Lieberman had attacked Lamont as a "one-issue" candidate (the war in Iraq), and said that he did not believe that Democrats should be subject to a "litmus test" on the issues. But Iraq was only the most serious of a long-standing litany of complaints that progressives have with Joe Lieberman. He has never supported universal health care, questioned affirmative action, supported school vouchers, and even supported the federal government's intervention in the Terri Schiavo matter. While he was the first Democratic Senator to scold President Clinton over the Monica Lewinsky affair, Lieberman derided the effort to censure President Bush for the illegal wiretapping program, because we should not "scold" the president. And while other Democrats supported the war in Iraq, Lieberman was the only one targeted for defeat because he has consistently attacked other Democrats for even questioning the war's motives.

In his concession speech, Lieberman used what he called a sports analogy - "we've just finished the first half and the Lamont team is ahead - but in the second half, our team is going to surge forward to victory in November." That's funny. I always thought that good sportsmanship meant that you don't change the rules in the middle of the game just because you are losing. If an NBA team loses the semi-finals, can they just decide not to be "bound by the rules" and compete in the final championship? Of course not.

Joe Lieberman needs to know that his time is up. Like Alan Dixon (and other Senators before him who lost a primary), he's got to accept the defeat and move on with his life. He only risks himself further embarrassment by staying in the race. After all, I'm sure that Fox News would be eager to give him his own show - just like Zell Miller.

Thursday, March 23, 2006


My "Crashing the Gate" Book Review

I don't get to read much these days, let alone write book reviews, but "Crashing the Gate" is a truly amazing book. If you're reading this blog, then you're probably already plugged into the Daily Kos and "liberal blogosphere."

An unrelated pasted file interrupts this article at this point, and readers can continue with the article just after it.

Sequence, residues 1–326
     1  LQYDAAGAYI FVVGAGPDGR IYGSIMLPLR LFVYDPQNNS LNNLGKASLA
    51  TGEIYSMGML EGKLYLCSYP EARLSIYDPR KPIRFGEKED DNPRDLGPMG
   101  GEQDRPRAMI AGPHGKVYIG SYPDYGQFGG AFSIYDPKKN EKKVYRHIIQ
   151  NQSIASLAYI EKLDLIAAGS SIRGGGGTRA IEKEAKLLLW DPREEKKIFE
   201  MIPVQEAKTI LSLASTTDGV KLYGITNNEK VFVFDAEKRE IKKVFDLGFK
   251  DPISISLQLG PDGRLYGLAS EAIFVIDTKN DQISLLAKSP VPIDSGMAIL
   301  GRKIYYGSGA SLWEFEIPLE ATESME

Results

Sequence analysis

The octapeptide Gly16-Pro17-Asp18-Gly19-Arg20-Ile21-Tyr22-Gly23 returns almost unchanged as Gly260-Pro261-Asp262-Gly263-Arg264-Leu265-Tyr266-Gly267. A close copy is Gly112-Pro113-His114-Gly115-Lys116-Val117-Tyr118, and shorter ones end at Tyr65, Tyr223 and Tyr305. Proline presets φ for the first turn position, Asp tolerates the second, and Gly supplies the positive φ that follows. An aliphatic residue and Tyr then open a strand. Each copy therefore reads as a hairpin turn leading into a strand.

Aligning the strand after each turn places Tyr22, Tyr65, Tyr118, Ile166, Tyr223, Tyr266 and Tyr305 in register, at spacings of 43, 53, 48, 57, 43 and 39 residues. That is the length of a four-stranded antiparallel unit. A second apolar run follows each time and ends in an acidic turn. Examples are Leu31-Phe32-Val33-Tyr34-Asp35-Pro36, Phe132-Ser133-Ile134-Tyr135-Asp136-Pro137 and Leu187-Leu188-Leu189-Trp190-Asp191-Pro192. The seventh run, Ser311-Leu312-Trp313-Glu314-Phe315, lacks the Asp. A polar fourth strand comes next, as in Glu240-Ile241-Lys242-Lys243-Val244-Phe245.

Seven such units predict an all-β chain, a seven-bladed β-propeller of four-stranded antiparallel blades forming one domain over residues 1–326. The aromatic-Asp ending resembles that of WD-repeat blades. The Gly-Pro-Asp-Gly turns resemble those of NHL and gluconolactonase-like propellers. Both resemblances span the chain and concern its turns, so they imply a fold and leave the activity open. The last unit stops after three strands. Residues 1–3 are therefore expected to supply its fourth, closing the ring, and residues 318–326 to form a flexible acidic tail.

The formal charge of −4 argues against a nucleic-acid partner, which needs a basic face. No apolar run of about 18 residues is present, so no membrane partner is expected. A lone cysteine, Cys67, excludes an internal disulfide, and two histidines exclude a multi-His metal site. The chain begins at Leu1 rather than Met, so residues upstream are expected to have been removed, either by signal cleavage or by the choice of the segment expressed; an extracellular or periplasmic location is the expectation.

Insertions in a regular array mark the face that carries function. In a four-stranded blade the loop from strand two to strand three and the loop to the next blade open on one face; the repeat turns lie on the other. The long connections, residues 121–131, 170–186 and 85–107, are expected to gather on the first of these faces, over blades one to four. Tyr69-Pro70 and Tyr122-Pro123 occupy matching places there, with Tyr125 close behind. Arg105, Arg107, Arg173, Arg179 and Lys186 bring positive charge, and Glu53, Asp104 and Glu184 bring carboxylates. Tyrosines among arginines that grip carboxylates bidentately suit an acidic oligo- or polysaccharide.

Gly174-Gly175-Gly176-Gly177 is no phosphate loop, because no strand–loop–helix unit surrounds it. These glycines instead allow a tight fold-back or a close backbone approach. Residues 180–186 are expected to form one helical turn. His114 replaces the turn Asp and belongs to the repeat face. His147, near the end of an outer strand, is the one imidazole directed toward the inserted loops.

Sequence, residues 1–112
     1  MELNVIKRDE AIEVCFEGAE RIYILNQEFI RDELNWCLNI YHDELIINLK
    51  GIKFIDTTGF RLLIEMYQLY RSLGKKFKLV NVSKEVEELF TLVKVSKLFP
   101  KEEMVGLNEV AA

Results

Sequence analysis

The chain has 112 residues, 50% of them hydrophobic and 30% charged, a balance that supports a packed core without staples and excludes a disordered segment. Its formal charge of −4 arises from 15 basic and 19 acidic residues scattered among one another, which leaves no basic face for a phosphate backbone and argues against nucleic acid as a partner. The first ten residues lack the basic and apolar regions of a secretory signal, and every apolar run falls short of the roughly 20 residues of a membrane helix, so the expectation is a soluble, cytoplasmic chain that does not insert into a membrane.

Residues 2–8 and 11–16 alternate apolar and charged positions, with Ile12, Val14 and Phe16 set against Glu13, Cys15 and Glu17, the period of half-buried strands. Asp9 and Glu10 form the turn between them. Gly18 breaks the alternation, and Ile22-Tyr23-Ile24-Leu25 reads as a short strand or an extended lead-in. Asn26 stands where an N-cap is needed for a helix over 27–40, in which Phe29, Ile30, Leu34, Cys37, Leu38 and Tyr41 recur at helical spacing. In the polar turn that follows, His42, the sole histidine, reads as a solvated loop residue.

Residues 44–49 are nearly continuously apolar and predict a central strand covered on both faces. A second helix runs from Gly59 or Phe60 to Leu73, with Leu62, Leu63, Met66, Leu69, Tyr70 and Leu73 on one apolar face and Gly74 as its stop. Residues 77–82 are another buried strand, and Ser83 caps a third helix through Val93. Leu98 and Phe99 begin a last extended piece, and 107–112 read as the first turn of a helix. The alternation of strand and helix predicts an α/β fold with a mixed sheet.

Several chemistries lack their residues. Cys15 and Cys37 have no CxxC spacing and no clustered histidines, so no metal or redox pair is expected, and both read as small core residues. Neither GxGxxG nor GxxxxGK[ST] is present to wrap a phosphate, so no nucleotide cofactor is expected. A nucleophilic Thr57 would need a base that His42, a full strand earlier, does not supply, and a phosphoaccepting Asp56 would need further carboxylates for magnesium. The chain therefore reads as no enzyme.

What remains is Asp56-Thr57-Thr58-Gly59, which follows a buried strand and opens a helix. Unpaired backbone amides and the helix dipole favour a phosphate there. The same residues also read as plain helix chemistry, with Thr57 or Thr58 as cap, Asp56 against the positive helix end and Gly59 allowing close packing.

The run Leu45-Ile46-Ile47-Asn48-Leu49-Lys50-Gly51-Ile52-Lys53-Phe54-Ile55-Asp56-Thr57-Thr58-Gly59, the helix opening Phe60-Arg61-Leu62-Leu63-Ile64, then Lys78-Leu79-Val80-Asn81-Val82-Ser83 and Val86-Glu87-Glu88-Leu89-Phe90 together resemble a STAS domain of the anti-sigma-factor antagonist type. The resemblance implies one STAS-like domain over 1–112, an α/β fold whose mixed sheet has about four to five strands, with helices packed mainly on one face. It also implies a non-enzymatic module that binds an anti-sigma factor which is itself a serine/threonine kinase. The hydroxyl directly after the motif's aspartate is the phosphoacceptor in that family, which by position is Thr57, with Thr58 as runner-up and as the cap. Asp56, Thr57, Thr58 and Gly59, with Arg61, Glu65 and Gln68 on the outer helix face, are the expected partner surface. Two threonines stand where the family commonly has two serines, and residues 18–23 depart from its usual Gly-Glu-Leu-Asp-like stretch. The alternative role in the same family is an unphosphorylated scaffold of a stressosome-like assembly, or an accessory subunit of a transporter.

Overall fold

But even if you're not, this book is a great, quick read about the state of the Democratic Party, and how everyday Democratic activists who care need to take it back if we want to save the party, save the country and save ourselves.

I tried reading it with a critical eye because I'm already such a part of the liberal blogosphere that I didn't want it to come off as a narcissistic puff piece.

But here goes ....

Incidentally, Beyond Chron was partially inspired by blogs such as Daily Kos. The SF Chronicle certainly isn't doing a good job monitoring the excesses of Gavin Newsom and Arnold Schwarzenegger, and somebody has to be out there speaking up for progressives in the media.

Monday, March 20, 2006


Democrats Show How Out of Touch Gavin Newsom and Bevan Dufty Really Are...

Here's an article I wrote for today's Beyond Chron:

Democratic Party Endorses Eviction Disclosure
by Paul Hogarth‚ Mar. 20‚ 2006

At last Thursday’s meeting, the S.F. Democratic County Central Committee (DCCC) voted 22-4 to endorse Proposition B, the Eviction Disclosure Ordinance. At a time when more tenants are being evicted under the Ellis Act than during the dot-com boom, our local Democratic Party took the right stand on an issue that affects the heart and soul of San Francisco. It also showed how out of touch Mayor Gavin Newsom and Supervisor Bevan Dufty are with those who have supported them in the past – as well as how the City is changing.

Prop B will not cost the taxpayers a dime, and does not put any restriction on the right to own property. It merely requires real estate brokers at an open house to notify potential buyers that a tenant was evicted under the Ellis Act to make this property vacant. Because speculators have made millions out of targeting our most vulnerable tenants for T.I.C. conversions, and buyers have to pay more for a vacant property, the real estate industry should not hide their dirty little secret as they ruthlessly gentrify our City. San Franciscans pride themselves on being socially responsible consumers, and 85% have walked away from open houses when informed about an eviction on the property.

There are only two reasons why Prop B is even on the June ballot, and they are called Gavin Newsom and Bevan Dufty. After the Board of Supervisors voted 7-4 to approve this legislation, Mayor Newsom vetoed it. Supervisor Dufty refused to change his vote and override the veto, which requires 8 votes. Therefore, Supervisors Peskin, Maxwell, Daly, Ammiano and Mirkarimi had no choice but to put it on the ballot this June.